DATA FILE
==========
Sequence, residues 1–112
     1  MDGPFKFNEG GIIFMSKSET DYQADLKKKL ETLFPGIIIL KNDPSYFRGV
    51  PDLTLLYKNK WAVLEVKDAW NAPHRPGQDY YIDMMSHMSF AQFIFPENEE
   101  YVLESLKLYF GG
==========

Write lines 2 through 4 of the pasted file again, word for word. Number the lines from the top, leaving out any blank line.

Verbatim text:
     1  MDGPFKFNEG GIIFMSKSET DYQADLKKKL ETLFPGIIIL KNDPSYFRGV
    51  PDLTLLYKNK WAVLEVKDAW NAPHRPGQDY YIDMMSHMSF AQFIFPENEE
   101  YVLESLKLYF GG